And I hope this method of rendering several life stages becomes more common. Indeed this realization of the importance of ontogenetic changes in stem-birds is a major theme of the book and although it has relieved us of a great deal of diversity it speaks to a greater truth regarding these animals which Matt does an excellent job of summarizing in my favorite paragraph from the book below:

"It may seem like this new era of research has resulted in a steep decline in overall stem-bird diversity in general, and especially pterosaur diversity in particular. In reality, we are really just re-thinking what diversity means in the context of their unique life histories. Diversity among stem-birds came mainly in the form of role shifting during their long period of slow growth, rather than the kind of high species diversity seen in modern birds and mammals, which have much faster growth rates. Stem-birds were highly successful to the point of dominating ecosystems on land for hundreds of millions of years, and they were able to do so in part thanks to the ability of each species to inhabit several different niches in the same ecosystem."

Hopefully I piqued your interest a bit to check out this book. It is a good blend of illustrations, history of knowledge, and the latest thought on these animals.

However I would not be doing my job I believe if I did not offer some constructive criticism. Me personally I would have liked the book to go a little further, even if speculative, on how this ecosystem may have functioned. Perhaps just a chapter on the vegetation, main types of sponges and corals present, ammonites, marine reptiles, fish, lizards etc etc- not in depth just a run through. These things would add some context to imagining the lives of these animals. From what I gather the xeric vegetation, hot briny lagoons, stratified water column - all these things suggest a very hard scrabble life for these animals. I would be interested in looking at possible marine resources asides from fish. Of course I am the guy that thinks everyone and their mother was eating a lot more ammonite than generally portrayed. I can easily imagine the slightly hooked rostrum of many of the pterosaurs probing into shelled cephalopods either caught or scavenged and pulling out delectable bits. Did turtles nest on these islands - perhaps offering a seasonal glut of eggs and hatchlings? What about all those sponges and corals - did they have reproductive orgies like modern corals perhaps offering a quick glut of eggs easily scooped up by pterosaurs especially guys like Gnathosaurus? I am intrigued by many of the crustacean remains from Solnhofen. Often described as lobsters they look a bit like some of the pelagic crabs we have today and could have offered up another food source for hungry pterosaurs or shore scavenging theropods.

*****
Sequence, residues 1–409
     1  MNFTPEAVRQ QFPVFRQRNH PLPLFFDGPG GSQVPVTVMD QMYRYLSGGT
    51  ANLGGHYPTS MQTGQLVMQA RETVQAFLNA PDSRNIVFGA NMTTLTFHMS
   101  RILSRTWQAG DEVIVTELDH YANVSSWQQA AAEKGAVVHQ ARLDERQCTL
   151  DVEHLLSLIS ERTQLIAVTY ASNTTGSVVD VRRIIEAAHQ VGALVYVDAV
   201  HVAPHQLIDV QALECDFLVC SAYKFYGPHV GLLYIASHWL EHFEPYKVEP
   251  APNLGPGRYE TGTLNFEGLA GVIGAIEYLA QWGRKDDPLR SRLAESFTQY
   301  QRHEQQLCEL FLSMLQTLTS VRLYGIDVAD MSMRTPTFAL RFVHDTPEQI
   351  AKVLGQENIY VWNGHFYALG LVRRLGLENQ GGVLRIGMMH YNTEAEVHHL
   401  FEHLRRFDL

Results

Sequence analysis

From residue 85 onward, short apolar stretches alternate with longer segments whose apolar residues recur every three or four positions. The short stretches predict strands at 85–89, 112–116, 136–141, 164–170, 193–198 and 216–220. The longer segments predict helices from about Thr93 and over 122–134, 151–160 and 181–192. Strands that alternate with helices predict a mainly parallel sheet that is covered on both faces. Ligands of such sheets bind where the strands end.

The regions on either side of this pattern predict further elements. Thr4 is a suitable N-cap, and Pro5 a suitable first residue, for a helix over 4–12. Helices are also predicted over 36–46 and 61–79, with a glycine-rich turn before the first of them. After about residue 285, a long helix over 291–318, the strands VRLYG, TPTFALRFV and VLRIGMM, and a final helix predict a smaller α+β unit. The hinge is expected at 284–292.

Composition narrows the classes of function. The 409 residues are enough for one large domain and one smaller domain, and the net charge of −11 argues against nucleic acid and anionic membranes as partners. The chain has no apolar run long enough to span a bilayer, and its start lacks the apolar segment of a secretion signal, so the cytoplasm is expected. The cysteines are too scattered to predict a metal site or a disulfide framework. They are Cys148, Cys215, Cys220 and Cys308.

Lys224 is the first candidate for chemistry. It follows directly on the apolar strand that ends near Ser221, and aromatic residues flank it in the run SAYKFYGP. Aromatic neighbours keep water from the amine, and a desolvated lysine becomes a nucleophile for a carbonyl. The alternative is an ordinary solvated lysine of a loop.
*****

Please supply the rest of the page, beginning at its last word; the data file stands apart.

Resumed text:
Pelagic Red Crab

Mecochirus longimanatus
But these are just minor quibbles and reflect more on my own personal interests and biases. Check it out, $12.99 is less than it costs to see a movie,  and support independent natural history media!!


Sunday, August 31, 2014

Surf OR Turf: Can A Terrestrial/Aquatic Switchitter Really Exist?

Following on the heels of my Spinosaurus post I have been thinking about the aquatic/amphibious thing a lot lately and looking at the various levels of engagement in either realm animals partake in and have come to the conclusion that, at least for a terrestrial limbed tetrapod, being equally competent in the land and water at a high level is pretty darn hard to do if not impossible. (In the title I used the word switchitter to refer primarily to baseball players that are equally competent as hitters with both arms leading in case you miss the translation)